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Reframing “It’s how we’ve always done things”

We find ourselves in a very unique time in the world – we desperately want to return back to the way things were, but are confronted with what seems to be a “new normal”. In a time when there is still so much uncertainty, it is difficult to know how to move forward. Organizations are finding that they are stuck between “going back to the grind” or reinventing the way that they have always done things. 

“It’s how we’ve always done things”, is a phrase that receives a lot of criticism. Many people believe that this response to change or newness can result in organizations that are cumbersome, slow, inefficient, and stuck. This is of concern, particularly right now, because there is an increasing rate of change in the world around us and organizations have to find ways to keep up and to stay relevant.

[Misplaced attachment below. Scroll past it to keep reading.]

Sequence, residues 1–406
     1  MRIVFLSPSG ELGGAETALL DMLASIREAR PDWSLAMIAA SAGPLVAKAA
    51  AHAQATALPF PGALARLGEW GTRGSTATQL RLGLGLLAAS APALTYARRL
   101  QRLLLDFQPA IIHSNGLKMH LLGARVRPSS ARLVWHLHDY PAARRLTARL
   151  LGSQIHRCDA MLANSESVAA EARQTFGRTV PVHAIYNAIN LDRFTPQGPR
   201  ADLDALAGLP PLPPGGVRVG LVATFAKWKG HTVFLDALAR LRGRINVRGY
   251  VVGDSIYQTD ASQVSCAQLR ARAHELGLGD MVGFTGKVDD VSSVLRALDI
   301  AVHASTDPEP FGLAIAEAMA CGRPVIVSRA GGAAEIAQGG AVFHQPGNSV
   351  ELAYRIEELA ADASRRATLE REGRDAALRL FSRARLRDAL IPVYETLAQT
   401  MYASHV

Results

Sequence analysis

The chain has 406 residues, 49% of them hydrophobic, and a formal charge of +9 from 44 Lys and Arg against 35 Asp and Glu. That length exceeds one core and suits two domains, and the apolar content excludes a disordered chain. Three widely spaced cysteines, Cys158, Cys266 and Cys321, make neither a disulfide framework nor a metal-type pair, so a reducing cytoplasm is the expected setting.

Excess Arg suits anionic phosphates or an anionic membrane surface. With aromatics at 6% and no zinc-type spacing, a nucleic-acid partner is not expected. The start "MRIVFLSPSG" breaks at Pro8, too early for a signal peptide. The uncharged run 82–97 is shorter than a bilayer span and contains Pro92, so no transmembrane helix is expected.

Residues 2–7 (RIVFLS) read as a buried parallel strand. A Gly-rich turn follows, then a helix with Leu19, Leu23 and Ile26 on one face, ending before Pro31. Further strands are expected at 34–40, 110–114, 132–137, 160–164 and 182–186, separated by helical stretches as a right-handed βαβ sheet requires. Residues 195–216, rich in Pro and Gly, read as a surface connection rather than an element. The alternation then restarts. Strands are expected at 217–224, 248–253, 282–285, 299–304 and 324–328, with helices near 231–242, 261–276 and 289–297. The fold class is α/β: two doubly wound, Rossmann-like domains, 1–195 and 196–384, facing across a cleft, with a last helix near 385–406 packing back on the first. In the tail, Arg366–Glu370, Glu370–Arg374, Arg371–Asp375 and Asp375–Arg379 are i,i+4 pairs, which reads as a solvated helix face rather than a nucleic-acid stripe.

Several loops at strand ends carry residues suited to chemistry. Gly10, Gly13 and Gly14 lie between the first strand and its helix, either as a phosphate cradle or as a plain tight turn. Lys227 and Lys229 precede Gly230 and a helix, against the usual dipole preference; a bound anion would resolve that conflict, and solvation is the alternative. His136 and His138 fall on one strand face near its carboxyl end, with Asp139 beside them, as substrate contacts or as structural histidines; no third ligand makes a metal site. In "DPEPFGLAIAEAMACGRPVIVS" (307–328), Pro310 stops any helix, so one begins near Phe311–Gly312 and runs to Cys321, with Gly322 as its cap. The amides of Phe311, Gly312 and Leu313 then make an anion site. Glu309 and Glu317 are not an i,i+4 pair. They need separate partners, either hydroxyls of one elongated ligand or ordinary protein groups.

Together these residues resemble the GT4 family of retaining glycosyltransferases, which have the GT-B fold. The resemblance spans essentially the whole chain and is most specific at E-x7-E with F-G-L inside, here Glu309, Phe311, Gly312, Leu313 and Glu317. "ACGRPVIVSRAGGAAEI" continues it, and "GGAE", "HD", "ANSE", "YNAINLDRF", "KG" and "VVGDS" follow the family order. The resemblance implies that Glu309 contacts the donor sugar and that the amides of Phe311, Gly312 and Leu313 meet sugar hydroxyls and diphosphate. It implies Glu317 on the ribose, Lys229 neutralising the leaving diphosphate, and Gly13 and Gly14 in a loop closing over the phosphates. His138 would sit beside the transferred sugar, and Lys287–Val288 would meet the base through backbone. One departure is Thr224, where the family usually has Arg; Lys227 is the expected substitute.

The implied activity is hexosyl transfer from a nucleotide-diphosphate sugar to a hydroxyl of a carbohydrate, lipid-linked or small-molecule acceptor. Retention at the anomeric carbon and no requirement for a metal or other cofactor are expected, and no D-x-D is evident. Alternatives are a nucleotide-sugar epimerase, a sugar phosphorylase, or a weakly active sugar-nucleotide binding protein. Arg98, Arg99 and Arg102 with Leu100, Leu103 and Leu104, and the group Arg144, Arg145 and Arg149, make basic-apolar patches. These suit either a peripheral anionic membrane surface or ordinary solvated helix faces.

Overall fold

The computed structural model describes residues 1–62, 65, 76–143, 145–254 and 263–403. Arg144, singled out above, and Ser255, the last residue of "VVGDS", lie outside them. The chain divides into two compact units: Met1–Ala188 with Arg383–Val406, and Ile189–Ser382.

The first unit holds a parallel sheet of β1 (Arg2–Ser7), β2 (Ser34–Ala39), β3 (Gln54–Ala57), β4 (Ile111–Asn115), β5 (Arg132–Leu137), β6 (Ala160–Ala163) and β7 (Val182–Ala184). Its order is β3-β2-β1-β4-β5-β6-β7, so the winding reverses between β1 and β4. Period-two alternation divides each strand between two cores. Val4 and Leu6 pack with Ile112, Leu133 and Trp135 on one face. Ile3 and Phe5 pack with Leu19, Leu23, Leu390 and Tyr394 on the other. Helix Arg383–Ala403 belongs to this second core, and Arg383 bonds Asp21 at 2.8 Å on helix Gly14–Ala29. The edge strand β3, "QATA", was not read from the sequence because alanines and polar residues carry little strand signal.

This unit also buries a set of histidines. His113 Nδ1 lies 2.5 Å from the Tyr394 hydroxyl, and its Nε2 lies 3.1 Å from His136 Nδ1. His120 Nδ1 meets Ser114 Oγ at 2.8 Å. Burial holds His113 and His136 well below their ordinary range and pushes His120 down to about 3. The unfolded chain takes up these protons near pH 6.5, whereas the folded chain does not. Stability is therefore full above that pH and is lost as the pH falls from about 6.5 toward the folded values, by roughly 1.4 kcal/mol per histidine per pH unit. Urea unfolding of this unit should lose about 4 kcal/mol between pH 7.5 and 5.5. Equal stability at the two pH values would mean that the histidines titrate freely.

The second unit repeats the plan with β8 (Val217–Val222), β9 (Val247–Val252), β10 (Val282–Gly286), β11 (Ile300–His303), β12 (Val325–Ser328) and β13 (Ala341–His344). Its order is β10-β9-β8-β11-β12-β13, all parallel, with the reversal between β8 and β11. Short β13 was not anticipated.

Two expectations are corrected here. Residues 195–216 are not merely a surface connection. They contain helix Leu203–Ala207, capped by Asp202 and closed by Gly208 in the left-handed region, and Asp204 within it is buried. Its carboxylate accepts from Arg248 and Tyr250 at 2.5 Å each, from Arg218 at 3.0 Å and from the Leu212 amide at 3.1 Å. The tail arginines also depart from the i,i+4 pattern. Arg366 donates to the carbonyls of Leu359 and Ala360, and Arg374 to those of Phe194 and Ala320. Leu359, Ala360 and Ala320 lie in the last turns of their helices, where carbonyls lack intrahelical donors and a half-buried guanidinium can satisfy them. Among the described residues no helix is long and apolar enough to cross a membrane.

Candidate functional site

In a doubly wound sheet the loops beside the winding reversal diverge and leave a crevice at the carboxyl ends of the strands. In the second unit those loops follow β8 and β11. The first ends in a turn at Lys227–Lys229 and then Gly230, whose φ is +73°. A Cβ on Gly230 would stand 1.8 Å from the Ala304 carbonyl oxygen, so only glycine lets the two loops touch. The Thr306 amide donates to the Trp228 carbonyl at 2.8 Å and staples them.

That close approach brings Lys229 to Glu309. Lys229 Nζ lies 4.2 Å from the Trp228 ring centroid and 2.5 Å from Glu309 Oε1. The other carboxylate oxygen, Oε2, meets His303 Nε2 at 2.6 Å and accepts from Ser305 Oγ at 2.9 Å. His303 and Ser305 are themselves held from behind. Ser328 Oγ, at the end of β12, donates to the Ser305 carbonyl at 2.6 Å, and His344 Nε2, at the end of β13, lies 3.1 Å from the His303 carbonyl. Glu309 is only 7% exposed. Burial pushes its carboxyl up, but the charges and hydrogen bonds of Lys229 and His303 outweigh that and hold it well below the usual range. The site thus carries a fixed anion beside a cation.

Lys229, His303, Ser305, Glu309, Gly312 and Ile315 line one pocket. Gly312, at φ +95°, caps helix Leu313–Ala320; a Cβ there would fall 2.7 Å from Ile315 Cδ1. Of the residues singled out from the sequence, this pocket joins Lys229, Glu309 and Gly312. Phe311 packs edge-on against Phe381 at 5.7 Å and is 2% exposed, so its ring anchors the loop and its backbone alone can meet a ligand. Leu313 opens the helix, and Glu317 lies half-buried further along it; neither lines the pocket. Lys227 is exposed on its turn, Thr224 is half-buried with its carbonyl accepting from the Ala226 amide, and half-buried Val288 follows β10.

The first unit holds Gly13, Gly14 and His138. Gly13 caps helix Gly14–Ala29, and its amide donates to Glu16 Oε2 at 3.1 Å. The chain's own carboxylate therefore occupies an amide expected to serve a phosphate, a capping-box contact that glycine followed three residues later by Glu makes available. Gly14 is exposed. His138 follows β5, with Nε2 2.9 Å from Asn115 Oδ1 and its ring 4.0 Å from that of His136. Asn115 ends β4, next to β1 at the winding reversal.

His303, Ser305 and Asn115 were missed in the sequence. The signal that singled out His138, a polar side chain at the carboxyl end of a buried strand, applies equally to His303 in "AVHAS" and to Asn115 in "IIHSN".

Now, this attitude can stem from carelessness, fear or unwillingness, and ignorance. When groups resist the process of change, they may miss new opportunities to stay competitive or to increase their impact. One of the most interesting examples of this is the case study of Kodak, a technology company that once dominated the photographic film market. In 1975, one of their engineers actually created the first digital camera. Kodak had the opportunity to lead the digital revolution, but was so focused on the success of film that they refused to launch this new product. They were ultimately too late to the digital party and suffered in the market because of it. And Kodak isn’t the only company to fall into this trap – we can look at companies like MySpace, Blockbuster and Sears as other cautionary tales of the belief, “If it ain’t broke, don’t fix it”.